Vitamin B1 100 mg bd and vitamin B compound can be further prescribed if necessary by the independent prescriber.
Night sedation may be appropriate for two weeks only and can be negotiated.

ISIS drugs project
Methodology
This was an evaluation of a new approach to make alcohol detoxification regimes more available to patients who presented to a substance misuse centre. The main rationale was to offer detoxification to new patients who presented to the ISIS Islington drugs service an alcohol on the MAP assessment, but also to take referrals for an alcohol detoxification from other agencies dealing with substance misuse.

The ISIS drugs project was an open access drug service that assessed and processed drug users for treatment and if the patient had complex needs would sign post to the appropriate service.

The theoretical background of the approach was inductive as there is little to no research in the field of detoxing patients who are in methadone treatment with a prescribing service. It was also from a case notes review of all the alcohol detoxes conducted in the six-month period of March to August in 2009. Informal qualitative interviews where also conducted on all the patients in this study. The data collected from the interviews where analysed through coding common themes and phrases that emerged from the interviews. But presented here is a typical case study were a period of ‘dry' time was achieved.
In the six-month period there were 15 alcohol detoxifications offered to patients attending the ISIS drug project in Islington. Within this number, 10 were referred from the primary care drugs service for an alcohol detox and this cohort of clients is analysed in the results with a more thorough typical case study illustrating what characteristics make a successful outcome for a patient to achieve some ‘dry' time.

Case study
The man described here is a typical case as discussed in the previous section. His name has been changed to protect his identity. Chris, 44, has lived in Islington since he was a child. He has been in treatment for drug dependency since the year 2000 when he admitted to himself with a heroin problem. He was at a specialist service for drugs initially and was transferred to shared care when he was seen as more stable on his dose of methadone (opiate substitute) and is seen in primary care by a specialist drugs nurse and the GP.
He has been drinking dependently for the last seven years and feels his alcohol grew into a dependent pattern gradually. He has been drinking dependently which is every day for the last two years and wants to stop.

One assessment he had been drinking around 10-15 units a day and was on 70 mg of methadone and had no use on top of this (he was not using any other drug on top of his prescription). He described himself as a stable patient apart from his alcohol. He had previously conducted an inpatient detox from alcohol and had stayed ‘dry' for two weeks. He had some insight into how a detoxification regime off alcohol would work. He also knew how easy it was to relapse, and seemed to be aware of the problems and triggers he would need to deal with when attempting to stay ‘dry'. He was offered disulfiram post detoxification and this is something he had never been offered before, and that he felt would be useful.

Outcome
Chris was given a standard chlordiazepoxide detoxification regime in line with the Islington guidelines. He completed this regime successfully and then started on disulfiram 200 mg a day. He was given a fortnight's supply and was reviewed by the specialist nurse after two weeks. He was ‘dry' when assessed at the two-week period and was prescribed another two weeks. He was seen at the four-week period and was still ‘dry'. He stopped taking the disulfiram tablets on the fourth week and managed to stay dry for another two weeks. He is now awaiting another alcohol detoxification with the view to extend the length of time he is on disulfiram for at least three months.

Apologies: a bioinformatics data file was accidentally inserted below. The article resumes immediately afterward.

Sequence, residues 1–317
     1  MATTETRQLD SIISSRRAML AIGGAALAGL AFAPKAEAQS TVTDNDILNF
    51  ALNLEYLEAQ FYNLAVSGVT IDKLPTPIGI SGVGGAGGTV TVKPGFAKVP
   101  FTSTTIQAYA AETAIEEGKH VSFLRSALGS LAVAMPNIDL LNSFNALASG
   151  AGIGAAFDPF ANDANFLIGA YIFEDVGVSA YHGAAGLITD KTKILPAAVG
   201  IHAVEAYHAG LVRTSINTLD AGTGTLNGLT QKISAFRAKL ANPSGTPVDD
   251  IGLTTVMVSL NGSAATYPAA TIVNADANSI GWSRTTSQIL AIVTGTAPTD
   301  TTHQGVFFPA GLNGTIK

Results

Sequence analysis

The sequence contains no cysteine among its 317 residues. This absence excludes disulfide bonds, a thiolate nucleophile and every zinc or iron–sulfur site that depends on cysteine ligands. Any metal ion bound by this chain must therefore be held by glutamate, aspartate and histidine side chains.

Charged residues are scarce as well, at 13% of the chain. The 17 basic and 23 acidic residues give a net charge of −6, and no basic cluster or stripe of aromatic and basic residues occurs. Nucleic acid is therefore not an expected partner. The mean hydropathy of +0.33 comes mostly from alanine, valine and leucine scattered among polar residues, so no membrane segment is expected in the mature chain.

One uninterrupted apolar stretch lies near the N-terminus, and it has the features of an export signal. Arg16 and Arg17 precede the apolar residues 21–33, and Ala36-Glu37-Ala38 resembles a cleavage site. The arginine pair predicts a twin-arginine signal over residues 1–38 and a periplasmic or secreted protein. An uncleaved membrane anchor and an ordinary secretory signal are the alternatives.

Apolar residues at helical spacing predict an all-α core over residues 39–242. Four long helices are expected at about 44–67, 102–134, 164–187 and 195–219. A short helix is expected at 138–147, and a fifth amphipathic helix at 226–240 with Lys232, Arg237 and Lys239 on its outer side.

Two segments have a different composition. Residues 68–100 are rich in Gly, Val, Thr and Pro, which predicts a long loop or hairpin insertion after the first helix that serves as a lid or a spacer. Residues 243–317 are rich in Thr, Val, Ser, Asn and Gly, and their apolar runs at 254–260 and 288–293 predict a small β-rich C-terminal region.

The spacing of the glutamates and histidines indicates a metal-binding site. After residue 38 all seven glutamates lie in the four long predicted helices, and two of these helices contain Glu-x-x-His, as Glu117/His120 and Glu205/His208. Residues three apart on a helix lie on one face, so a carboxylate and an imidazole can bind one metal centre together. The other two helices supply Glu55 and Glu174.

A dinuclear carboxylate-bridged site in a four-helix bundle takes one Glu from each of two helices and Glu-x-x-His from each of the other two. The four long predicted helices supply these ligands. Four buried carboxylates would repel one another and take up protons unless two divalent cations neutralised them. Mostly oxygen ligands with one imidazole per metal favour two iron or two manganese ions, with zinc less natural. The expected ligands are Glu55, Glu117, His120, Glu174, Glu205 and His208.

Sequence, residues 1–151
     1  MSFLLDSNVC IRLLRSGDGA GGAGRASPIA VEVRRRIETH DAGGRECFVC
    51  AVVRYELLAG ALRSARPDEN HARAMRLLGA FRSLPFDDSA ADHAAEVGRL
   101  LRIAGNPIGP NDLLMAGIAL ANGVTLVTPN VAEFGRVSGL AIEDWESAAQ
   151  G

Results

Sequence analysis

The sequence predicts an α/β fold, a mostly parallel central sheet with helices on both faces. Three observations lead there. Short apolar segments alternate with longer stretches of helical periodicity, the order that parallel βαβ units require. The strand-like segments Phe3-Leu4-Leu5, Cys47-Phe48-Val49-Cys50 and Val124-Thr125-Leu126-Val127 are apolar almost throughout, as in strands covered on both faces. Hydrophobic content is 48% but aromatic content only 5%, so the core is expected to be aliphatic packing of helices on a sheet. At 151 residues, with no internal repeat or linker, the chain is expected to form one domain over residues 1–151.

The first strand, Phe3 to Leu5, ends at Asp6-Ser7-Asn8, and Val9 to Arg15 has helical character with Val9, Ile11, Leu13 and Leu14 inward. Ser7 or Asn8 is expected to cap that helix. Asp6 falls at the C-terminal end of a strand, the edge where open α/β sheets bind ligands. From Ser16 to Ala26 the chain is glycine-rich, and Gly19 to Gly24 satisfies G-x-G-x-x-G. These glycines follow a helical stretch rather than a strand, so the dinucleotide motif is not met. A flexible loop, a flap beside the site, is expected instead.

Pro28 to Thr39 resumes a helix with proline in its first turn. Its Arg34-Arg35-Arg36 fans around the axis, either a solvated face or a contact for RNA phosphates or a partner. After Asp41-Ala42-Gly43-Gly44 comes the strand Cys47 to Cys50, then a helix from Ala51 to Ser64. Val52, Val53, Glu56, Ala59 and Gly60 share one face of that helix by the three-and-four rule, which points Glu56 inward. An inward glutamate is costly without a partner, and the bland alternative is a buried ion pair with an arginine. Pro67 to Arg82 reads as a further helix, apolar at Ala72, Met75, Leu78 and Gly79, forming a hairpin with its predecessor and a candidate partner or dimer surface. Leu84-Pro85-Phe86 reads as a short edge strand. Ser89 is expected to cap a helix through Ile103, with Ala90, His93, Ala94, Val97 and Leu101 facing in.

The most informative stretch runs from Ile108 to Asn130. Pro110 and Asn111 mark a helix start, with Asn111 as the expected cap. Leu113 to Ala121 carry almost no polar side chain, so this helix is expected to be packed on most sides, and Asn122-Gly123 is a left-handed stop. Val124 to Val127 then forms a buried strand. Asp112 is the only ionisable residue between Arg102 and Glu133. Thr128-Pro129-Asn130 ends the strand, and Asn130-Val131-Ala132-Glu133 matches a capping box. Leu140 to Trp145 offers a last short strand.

Conclusion
There have been 15 alcohol detoxification regimes conducted by the specialist nurse in people who are prescribed methadone and have alcohol dependency in Islington. The referrals can come from anywhere, but most are from primary care and patients prescribed by the specialist service.

The case study above illustrates the outcomes for all primary care referrals as this cohort of patients were able to stay ‘dry' with disulfiram for longer. Referrals from patients at the specialist service did not stay dry post detoxification, despite the prescribing of disulfiram. The longest ‘dry' time for patients from other referral sources was two weeks. This could be argued as a useful respite for patients, but note has to be taken not to prescribe too many detoxifications in primary care as this can cause the ‘kindling effect' - where repeated episodes of detoxification can make the problem worse.3

The primary care patients differed on presentation to the other referral sources due to:
Length of treatment history. Primary care patients had a longer history of treatment than other patients at ISIS referred for an alcohol detoxification.
Engagement. The primary care patients were better engaged in services and more exposure to health care than  other ISIS referrals.
Stabilty. The primary care patients were more stable overall in their drug use and had miminal use on top of their methadone doses as opposed to the ISIS patients.

All the above factors are now noted in local services as being useful criteria to look at suitability for alcohol detoxification regimes in drug services and primary care.

Primary care services and those services attached to the ethos can prescribe community detoxification regimes to methadone-dependent patients with good outcomes and at least a break from their alcohol-dependent pattern.

References

  1. National Treatment Agency for Drug Misuse. Reducing Drug-related Deaths: Guidance for Drug Treatment Providers. London: NTA; 2004.
  2. Gossop M, Marsden J, Stewart D. NTORS after five years (National Treatment Outcome Research Study): Changes in substance use, health and criminal behaviour in the five years after intake. London: DH; 2001.
  3. Department of Health. Drug Misuse and Dependence: UK guidelines on Clinical Management (Orange Guidelines). London: DH; 2007.

Resources
NHS Clinical Knowledge Summaries
W: www.cks.nhs.uk

National Treatment Agency for Substance Misuse
W: www.nta.nhs.uk

Islington PCT
W: www.islingtonpct.nhs.uk